At PracticalAdultInsights, we're committed to delivering accurate, trustworthy information. Our expert-authored content is rigorously fact-checked and sourced from credible authorities. Discover how we uphold the highest standards in providing you with reliable knowledge.
Phlebotomist careers involve drawing blood for use in medical procedures, such as blood testing and blood transfusions. The tasks of the job are rather specialized, and therefore phlebotomist careers represent a relatively narrow field. For those interested in such a career, however, there still are some choices to be made.
Most options for phlebotomist careers center around the work location. There are many different types of places a phlebotomist can practice his or her skills. A hospital is the most obvious location, but blood work is also done in doctor's offices, medical labs, home health services, and long term care facilities just to name a few. Further, medical jobs are also needed in other institutions, such as prisons and some schools, especially universities.
The key for the phlebotomist is to find a location where they will be comfortable working. Not all locations will work for everyone. Some may not appreciate the long hours, or shift requirements, a hospital has. Others may find that things move too slowly at doctor's offices. Some may like the security that comes from working at a prison and being employed by the government. Others may find it extremely uncomfortable. It comes down to a matter of personal preference.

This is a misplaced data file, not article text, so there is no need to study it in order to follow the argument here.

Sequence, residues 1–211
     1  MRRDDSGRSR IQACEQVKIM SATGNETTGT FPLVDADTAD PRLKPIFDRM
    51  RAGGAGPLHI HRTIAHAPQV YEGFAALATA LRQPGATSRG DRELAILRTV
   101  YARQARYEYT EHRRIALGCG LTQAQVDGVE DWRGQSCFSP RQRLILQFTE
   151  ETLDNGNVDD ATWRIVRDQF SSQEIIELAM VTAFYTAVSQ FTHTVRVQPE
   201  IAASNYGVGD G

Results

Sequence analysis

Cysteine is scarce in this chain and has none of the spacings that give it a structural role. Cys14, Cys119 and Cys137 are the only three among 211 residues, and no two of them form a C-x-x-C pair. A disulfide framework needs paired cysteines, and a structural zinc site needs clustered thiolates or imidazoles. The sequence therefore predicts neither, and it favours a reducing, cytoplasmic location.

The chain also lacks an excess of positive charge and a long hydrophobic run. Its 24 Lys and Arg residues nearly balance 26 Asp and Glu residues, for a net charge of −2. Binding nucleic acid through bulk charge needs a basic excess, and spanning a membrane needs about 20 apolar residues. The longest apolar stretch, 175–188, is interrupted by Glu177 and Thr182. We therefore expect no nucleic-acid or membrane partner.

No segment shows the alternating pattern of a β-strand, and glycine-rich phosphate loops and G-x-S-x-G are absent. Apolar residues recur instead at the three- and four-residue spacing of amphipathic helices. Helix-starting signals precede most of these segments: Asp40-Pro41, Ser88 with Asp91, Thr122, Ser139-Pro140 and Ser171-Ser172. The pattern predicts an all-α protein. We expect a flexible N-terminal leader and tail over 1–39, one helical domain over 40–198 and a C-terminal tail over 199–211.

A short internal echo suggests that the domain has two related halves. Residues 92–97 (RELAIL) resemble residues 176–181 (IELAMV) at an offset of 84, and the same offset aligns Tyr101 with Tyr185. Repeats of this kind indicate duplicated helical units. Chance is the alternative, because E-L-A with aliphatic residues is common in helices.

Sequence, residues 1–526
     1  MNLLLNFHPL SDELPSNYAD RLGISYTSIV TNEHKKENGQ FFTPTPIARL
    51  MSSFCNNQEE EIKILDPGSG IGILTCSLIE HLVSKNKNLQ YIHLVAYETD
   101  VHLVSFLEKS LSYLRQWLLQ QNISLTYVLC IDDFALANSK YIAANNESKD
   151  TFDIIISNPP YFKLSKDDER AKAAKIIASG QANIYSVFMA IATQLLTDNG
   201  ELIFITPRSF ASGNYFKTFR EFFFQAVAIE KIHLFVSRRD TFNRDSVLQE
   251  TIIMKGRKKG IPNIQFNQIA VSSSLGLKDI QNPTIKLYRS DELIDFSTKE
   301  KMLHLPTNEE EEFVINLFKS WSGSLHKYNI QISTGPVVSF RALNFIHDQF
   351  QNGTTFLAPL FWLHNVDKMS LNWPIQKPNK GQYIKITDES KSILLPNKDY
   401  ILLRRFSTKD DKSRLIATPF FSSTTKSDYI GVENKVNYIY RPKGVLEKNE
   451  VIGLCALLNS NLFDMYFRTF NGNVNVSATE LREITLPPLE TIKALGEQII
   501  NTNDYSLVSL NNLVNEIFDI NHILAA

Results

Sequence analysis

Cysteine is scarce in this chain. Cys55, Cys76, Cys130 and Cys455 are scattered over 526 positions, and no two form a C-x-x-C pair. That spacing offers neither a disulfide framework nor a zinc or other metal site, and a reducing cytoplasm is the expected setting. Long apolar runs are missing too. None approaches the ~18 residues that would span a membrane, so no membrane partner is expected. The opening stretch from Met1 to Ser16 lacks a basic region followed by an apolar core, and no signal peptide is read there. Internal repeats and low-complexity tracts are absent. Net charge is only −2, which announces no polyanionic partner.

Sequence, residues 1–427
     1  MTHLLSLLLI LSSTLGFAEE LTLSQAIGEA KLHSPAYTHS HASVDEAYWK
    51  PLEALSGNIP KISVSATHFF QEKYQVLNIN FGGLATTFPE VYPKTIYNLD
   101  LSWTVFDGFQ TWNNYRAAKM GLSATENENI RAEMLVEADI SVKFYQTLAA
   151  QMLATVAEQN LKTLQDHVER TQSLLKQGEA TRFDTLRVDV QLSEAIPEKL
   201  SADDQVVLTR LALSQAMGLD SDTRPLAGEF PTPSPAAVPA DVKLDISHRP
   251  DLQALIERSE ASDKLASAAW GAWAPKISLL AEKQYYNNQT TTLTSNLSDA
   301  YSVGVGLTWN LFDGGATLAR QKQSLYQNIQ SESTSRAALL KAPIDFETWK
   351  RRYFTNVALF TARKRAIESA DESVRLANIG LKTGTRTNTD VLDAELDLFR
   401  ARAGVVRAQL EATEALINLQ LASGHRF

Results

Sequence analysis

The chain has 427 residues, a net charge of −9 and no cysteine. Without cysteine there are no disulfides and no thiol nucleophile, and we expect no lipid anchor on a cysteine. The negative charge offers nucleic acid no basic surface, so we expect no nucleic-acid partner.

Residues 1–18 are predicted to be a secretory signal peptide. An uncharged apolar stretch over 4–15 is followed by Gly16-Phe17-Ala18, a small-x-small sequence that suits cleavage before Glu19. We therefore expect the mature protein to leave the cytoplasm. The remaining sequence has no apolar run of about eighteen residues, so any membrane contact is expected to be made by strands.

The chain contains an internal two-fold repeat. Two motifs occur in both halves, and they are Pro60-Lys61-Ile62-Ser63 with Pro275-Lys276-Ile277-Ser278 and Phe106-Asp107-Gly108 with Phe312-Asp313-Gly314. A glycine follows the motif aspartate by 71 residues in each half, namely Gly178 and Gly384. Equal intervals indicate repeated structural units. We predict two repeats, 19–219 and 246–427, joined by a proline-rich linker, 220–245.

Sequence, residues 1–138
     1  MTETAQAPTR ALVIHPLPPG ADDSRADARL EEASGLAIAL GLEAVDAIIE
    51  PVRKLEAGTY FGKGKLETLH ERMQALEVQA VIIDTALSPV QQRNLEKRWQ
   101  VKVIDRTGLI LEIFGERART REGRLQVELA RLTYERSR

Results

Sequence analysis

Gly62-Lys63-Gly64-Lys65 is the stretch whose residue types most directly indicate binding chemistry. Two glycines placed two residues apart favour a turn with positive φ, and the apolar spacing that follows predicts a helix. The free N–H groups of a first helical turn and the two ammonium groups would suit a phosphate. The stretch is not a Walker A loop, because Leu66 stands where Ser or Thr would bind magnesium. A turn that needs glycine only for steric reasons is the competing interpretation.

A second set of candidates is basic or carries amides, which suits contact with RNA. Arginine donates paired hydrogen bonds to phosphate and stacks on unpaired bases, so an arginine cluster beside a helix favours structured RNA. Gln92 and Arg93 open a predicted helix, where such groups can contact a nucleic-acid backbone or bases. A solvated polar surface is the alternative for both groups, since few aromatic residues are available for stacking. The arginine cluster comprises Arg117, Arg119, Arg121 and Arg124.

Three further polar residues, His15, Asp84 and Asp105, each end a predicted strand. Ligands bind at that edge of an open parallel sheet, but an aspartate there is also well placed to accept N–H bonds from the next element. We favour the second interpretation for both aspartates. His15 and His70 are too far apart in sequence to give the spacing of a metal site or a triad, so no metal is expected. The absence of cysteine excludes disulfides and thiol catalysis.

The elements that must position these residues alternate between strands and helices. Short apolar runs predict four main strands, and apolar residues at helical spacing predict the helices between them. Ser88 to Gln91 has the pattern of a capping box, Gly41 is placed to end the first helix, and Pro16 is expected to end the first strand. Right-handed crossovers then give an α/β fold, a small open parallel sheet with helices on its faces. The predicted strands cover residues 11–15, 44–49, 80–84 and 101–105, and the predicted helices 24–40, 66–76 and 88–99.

At a hospital, the work involves two primary tasks. Some phlebotomists make rounds around the hospital, checking doctors' orders at nurse stations and performing the required work. Others may work in a lab, where outpatient services may be performed on those who come in by appointment, or on a walk-in basis. Some may do a little bit of both. Some phlebotomist careers involve working specifically in the emergency room. This specialization is usually only seen at the largest hospitals, however.
Phlebotomist careers centered around a medical lab will likely have duties very similar to those who work at a hospital lab. They will be responsible for drawing blood from those who come in with a physician's order. They may also be responsible for handling chain of custody materials, such as specimens for drug screens.
Phlebotomists in other health care settings will all perform nearly the same functions, though many may not have to worry about chain of custody. No matter what type of career setting is chosen, a phlebotomist must be personable and have an easy-going style, yet maintain professionalism at all times. Drawing blood from anyone can be difficult. This is especially true of children, who may resist, requiring even more patience and understanding. Consequently, if someone is uncomfortable working with young children, they should take this into account, as some facilities deal with more children than others.